Institute of Environmental Health Sciences
(313) 577-6575 (Phone)
(313) 577-0082 (Fax)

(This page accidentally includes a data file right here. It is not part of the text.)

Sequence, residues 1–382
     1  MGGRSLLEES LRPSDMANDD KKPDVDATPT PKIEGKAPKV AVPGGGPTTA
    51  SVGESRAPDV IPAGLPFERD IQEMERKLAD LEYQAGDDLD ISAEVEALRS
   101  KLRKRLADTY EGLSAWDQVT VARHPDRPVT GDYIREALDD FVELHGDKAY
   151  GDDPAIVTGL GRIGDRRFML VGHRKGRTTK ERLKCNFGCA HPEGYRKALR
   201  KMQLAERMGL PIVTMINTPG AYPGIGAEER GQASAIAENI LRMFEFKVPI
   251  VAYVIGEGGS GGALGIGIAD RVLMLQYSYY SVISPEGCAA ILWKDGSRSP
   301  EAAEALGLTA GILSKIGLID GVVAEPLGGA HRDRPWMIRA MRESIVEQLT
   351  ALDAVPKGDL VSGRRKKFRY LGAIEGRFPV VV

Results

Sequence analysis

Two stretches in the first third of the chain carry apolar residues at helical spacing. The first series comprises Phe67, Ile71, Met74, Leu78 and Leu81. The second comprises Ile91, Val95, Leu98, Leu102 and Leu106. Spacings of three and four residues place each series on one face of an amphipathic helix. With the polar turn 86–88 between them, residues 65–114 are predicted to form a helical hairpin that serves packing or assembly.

Overproduction of reactive oxygen species (ROS) have been implicated as important pathogenic mediators in many clinical disorders such as hyperoxic lung injury and ischemia/reperfusion- and adriamycin (ADR)-induced cardiac damage. The function of the prototypic antioxidant enzymes, which include three isoforms of superoxide dismutase, catalase, and glutathione peroxidase, in protecting cells and animals against oxidant-mediated tissue injury has been studied quite extensively both in vitro in cultured cells and in vivo in a whole animal. However, the molecular and cellular mechanisms by which ROS cause tissue injury are not well understood. In other words, the biochemical and cellular pathways, that are initiated by the increased oxidative stress in the targeted tissues and that contribute to the injury, are not known. Since sulfhydryl proteins are targets for oxidative modification when cells are under oxidative stress, and inactivation of the catalytic functions of critical cellular proteins may lead to irreversible cellular damage, we hypothesize that oxidation of sulfhydryl groups of proteins may contribute to the pathogenesis of the above three models of oxidant-mediated injury. Toward this end, the current research in our laboratory is to define the role of the cytosolic and the mitochondrial isoforms of glutaredoxin (Grx1 and Grx2, respectively), a thiotransferase functioning in reductive cleavage of protein mixed disulfides, in antioxidant defense using both transgenic and knockout mice. The potential cellular targets that interact with and that are protected by Grx1 and Grx2 will also be defined by proteomics approaches.